A fingerprint’s beauty is found in its uniqueness. In each arch, loop and whorl of the print, lie the identifying characteristics that set one person apart from another. Machines also bear similar telltale marks of individuality. So do the bolts, flanges, nuts and studs holding those machines together. But short of cracking open its exterior, how can one visually inspect the condition of a machine’s interior components?
One way is through nondestructive testing (NDT) to ensure all components of a system are functioning in a reliable and cost-effective manner. In 2015 Baker Hughes, a GE company (BHGE), formerly GE Oil & Gas, piloted its NDT BOP Inspection Technology System that leveraged 4-D scanning using digital fingerprinting to deliver rig-based inspection and recertification of BOPs without disassembly.
Using robotics, analytics and phased array ultrasonic testing, periodic inspections create a 4-D comparison of BOP components. The fingerprint becomes the baseline for equipment condition at any point in its life cycle. By digitally comparing the current scan against previous scans, changes are highlighted and mapped. The system has been used with several customers, including four BOP stacks for Diamond Offshore as part of the contractual services agreement the companies entered into in 2016.
Enhancements made to the system since the start of the pilot program include the ability to see the individual threads of the bolts, nuts and studs securing flanges.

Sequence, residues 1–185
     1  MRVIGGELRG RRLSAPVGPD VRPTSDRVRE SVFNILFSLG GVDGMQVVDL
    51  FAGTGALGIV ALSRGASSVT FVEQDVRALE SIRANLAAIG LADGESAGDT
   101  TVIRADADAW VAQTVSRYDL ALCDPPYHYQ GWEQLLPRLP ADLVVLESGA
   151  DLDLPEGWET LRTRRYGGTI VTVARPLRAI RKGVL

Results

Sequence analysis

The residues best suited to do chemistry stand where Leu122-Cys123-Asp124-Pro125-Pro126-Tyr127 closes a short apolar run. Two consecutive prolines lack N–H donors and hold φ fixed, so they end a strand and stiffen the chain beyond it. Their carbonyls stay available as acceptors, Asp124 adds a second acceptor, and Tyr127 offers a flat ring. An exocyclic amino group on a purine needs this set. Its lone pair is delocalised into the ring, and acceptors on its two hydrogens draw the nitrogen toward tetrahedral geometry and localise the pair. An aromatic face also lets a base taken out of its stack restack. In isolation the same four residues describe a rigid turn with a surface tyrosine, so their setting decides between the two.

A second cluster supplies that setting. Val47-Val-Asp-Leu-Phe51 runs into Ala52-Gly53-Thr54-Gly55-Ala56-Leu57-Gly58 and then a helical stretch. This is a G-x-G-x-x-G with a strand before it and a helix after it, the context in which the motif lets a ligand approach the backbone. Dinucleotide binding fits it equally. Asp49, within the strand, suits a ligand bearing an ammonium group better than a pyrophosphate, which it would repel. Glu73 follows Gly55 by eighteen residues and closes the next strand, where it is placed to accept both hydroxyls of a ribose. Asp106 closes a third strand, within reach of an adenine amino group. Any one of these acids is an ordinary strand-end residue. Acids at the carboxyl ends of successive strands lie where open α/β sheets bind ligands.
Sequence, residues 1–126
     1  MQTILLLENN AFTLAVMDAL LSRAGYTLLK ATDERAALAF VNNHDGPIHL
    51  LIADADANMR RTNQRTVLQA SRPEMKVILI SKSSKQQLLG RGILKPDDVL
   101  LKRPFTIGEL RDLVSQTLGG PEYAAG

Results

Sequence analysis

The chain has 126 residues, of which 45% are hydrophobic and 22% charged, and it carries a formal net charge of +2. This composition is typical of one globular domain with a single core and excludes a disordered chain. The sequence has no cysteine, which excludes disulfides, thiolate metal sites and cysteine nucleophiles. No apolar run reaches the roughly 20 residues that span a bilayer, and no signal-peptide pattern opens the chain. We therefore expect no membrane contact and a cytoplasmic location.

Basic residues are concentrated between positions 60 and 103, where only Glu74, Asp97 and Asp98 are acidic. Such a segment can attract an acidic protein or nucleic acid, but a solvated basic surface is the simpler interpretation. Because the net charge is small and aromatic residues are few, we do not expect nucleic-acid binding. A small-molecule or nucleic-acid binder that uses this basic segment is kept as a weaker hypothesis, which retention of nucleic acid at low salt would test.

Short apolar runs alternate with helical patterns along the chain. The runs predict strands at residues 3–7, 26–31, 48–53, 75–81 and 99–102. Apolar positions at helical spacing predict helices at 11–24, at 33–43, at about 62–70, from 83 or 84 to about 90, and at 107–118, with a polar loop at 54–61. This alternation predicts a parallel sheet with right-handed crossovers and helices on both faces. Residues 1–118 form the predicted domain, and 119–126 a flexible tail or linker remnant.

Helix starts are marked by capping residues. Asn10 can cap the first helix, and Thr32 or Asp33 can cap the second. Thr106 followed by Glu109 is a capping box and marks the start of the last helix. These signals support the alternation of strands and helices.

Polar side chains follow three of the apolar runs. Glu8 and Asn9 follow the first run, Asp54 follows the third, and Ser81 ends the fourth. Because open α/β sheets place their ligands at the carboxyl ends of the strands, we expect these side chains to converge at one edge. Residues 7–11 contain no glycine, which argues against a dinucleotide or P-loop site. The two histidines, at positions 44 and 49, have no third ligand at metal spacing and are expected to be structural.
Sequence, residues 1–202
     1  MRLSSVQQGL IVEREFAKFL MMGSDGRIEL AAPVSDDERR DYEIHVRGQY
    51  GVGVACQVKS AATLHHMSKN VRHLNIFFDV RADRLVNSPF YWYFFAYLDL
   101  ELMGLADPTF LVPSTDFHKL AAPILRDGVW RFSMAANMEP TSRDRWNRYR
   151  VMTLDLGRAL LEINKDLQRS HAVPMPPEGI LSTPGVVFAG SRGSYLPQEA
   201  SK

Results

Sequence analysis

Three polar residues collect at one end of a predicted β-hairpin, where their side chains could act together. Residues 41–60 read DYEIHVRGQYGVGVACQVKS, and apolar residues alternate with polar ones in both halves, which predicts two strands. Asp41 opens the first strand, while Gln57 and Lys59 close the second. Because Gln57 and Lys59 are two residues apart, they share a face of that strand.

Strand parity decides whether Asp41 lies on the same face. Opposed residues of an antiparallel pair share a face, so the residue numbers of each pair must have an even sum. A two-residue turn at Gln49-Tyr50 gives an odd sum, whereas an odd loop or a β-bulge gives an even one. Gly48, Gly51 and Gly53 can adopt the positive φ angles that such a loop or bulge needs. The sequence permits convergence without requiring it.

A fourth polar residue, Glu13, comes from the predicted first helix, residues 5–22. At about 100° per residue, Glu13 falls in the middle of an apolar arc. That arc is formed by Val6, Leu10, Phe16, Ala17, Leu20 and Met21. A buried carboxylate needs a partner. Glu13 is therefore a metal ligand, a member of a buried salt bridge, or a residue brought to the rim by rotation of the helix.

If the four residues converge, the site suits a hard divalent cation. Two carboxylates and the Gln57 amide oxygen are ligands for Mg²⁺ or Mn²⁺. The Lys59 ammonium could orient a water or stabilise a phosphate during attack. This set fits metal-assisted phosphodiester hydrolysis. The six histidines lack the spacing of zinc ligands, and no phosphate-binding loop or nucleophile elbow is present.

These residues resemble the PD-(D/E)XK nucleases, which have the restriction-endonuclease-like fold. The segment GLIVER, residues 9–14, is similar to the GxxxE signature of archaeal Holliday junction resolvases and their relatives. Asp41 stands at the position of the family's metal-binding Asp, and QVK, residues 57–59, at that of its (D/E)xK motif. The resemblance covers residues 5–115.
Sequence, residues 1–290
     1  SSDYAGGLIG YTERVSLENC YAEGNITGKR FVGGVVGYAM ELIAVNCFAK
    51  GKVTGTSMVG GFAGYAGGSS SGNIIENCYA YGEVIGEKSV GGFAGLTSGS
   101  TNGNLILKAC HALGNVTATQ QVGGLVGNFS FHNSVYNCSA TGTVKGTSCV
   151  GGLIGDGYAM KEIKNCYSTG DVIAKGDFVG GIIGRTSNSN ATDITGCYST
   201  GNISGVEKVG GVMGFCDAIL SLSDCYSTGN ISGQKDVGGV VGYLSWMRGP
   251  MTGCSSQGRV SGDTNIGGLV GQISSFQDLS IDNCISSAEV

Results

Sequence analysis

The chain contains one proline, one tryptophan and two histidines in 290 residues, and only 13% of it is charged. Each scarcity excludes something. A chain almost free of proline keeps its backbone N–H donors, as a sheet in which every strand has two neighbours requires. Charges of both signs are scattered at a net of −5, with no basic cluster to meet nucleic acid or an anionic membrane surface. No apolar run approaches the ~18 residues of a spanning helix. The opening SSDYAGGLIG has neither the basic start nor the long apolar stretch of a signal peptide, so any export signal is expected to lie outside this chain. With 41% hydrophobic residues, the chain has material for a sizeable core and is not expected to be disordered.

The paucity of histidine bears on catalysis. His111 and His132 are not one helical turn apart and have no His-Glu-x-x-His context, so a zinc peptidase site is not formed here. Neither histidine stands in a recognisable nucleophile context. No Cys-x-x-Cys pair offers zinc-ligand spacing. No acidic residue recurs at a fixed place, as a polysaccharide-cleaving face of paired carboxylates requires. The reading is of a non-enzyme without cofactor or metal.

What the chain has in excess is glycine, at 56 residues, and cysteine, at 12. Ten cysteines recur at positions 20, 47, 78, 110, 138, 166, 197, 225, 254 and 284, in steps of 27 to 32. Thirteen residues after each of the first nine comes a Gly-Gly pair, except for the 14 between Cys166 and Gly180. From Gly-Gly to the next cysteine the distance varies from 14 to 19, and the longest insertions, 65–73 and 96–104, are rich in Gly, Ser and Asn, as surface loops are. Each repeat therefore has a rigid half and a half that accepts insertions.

“You’ve got a stud coming through a flange with a nut sitting on top of it,” said Dave Bowen, product leader for digital and services for BHGE’s drilling systems business. “The moment you release that nut, you’re taking pressure off the system and changing the dynamics of what’s happening to that seal. We developed a technology that gives us the ability to put a scanning device over a nut, stud or bolt and see the threads to determine if there are any issues that would lead us to believe that the part is nearing the end of its life.”
He continued, “Performing an inspection on the fasteners within a BOP stack—nominally 500 to 600 per stack—typically takes 30 minutes to an hour per fastener. With digital fingerprinting that inspection time reduces to about two minutes per bolt,” which he said is “a radical change and one that delivers huge savings to our customers.”
In addition to time savings, scanning the equipment is a far safer process than breaking down and inspecting the components. It takes a day for the technicians to set up the equipment, with the scanning occurring on the second day, according to Bowen. Depending on the component being inspected, the entire process would take six to seven days.
“We estimate there’s a 40% savings just in the time to do the inspection itself,” he said. “But what it doesn’t calculate—which is going to be just very dependent rig to rig—is the amount of time it takes to go break down a BOP in a confined space and in a very tough environment. It represents a big safety hazard to the individuals at work. It also represents the opportunity for significant damage to that equipment that can occur from disassembling and reinstalling.”
Taking everything apart and inspecting can take 30 to 40 days versus a week if the scan is done in situ using the digital fingerprinting technology, Bowen said. “The safety and time savings makes the benefits of the in situ inspection solution almost incalculable.”
Jennifer Presley’s Drilling Technologies column originally appeared in the February 2018 issue of E&P.
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